M.C., now 12 years old, was born with a condition called “ovotesticular disorder of sexual development,” which at birth included a 2-centimeter penis, a small vaginal opening, both ovarian and testicular tissue, and high blood testosterone levels. Although doctors initially said that “either sex of rearing” would be possible, they eventually operated on the baby to make the genitalia appear more female, removing the penis and testicular tissue.
M.C. was adopted by the Crawfords when he was almost 2. By age 7, he identified as a boy. His parents sued the surgeons who operated on him, alleging that they did not do enough to convey the risks of the surgery as well as other options to his legal guardians at the time.
Roughly 1 in every 2,000 babies in the U.S. are born, like M.C., with “differences in sexual development”: chromosomes, gonads, or genitalia that don’t fit in the neat categories of “boy” and “girl.” Some doctors estimate that the number of these intersex babies may be closer to 1 in 100.
Since the 1960s, standard medical practice has been to operate on the infants to make their genitalia appear more typically male or female and attempt to ensure a more normal social life for the children into adulthood. But since the 1990s, a growing number of adult intersex activists have been speaking out against the surgeries, saying that they are medically unnecessary, physically damaging, and psychologically harmful. In some cases, such as M.C.’s, surgeons risk operating on an infant who grows up to identify with a different gender than what was assigned to them in the operating room.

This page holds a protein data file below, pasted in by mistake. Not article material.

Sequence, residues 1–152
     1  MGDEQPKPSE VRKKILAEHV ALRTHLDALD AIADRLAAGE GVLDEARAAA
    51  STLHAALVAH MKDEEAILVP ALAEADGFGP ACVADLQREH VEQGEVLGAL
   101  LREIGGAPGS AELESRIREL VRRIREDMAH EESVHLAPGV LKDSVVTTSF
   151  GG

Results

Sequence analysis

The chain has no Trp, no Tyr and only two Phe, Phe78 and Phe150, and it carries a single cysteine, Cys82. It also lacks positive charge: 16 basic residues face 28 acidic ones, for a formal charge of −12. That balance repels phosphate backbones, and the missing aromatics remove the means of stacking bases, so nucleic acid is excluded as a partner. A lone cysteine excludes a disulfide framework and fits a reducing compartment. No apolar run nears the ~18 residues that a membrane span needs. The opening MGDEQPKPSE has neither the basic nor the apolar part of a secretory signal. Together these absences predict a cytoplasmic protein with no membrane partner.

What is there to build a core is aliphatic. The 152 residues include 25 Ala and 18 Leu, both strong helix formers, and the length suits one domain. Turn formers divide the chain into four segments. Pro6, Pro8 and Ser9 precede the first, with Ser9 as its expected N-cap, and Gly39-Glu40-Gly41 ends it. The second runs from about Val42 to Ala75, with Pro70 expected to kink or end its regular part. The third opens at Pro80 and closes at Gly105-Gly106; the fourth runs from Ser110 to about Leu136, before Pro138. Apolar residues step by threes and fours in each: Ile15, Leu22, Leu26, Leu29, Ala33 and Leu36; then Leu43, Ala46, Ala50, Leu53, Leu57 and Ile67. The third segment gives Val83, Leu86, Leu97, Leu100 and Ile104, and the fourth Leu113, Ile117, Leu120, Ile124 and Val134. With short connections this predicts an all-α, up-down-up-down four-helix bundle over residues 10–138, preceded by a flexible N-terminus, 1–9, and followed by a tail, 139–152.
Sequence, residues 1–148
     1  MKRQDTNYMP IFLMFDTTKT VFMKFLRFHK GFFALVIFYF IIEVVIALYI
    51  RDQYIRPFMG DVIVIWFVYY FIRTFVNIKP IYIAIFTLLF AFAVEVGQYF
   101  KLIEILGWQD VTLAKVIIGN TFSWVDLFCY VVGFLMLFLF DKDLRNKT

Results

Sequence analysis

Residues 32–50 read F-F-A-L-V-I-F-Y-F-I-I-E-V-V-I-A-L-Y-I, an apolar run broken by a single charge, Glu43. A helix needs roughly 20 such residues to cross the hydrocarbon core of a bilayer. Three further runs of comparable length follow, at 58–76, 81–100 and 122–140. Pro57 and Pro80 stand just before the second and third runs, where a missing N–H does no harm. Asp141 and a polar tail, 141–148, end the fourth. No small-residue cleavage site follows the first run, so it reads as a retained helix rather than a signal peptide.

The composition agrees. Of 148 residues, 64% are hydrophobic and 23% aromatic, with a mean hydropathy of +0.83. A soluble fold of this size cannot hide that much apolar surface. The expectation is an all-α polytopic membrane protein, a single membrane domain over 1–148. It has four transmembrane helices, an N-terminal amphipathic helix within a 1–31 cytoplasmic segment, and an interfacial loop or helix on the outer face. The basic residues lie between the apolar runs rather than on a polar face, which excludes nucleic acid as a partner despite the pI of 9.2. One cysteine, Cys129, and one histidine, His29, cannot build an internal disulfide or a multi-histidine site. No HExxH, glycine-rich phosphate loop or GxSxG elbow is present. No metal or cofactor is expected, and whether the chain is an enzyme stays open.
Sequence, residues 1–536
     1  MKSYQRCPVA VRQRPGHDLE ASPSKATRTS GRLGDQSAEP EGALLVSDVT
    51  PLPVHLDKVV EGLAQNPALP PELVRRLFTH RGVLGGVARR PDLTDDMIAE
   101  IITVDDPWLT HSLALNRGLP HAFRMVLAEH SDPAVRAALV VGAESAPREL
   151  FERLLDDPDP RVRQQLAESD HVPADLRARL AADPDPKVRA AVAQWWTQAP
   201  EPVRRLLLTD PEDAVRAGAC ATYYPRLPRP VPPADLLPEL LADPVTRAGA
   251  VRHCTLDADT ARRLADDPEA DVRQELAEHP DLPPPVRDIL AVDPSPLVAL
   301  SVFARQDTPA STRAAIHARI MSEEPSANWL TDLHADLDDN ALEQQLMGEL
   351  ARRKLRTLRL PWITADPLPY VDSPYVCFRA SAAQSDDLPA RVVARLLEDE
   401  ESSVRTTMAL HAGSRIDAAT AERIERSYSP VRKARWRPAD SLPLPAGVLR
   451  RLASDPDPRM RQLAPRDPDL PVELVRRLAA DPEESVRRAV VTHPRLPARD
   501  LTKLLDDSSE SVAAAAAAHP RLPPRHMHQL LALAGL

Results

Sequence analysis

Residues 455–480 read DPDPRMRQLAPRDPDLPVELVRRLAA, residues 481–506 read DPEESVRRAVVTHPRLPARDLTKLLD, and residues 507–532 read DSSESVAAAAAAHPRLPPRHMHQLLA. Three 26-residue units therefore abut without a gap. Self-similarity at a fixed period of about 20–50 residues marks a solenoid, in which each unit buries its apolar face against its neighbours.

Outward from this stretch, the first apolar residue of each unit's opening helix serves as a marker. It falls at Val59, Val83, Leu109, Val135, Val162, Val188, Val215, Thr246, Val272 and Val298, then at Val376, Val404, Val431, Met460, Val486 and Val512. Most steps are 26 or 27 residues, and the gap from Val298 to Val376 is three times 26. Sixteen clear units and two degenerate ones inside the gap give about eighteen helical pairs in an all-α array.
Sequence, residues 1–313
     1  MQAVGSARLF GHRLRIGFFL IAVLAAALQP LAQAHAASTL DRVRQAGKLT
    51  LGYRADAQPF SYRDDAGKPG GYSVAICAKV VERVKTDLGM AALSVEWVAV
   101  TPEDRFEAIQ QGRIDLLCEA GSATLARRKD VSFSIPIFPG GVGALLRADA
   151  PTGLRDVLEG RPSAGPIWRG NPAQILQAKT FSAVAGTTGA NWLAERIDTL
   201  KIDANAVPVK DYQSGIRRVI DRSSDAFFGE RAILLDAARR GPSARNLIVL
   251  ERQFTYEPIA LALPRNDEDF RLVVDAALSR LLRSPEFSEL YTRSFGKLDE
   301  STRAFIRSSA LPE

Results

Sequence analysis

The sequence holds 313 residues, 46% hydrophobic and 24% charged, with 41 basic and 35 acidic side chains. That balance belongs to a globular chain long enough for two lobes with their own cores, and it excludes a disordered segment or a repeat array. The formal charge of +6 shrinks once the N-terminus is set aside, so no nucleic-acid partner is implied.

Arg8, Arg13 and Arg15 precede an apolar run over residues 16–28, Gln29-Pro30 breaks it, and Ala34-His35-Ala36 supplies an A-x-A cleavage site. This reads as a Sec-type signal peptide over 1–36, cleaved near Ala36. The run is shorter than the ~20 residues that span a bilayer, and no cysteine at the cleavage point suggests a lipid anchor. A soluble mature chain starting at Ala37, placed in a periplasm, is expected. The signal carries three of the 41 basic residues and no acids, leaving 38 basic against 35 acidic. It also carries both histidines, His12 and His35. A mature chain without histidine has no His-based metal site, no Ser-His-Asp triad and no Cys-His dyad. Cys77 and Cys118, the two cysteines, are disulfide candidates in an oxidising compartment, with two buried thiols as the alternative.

InterACT, one of the advocacy groups that provided the Crawfords with legal counsel, confirmed that the case had been “resolved and dismissed with no admission of liability or wrongdoing.” A MUSC statement said the same, adding that "the Parties agreed that it was mutually beneficial to amicably resolve this case."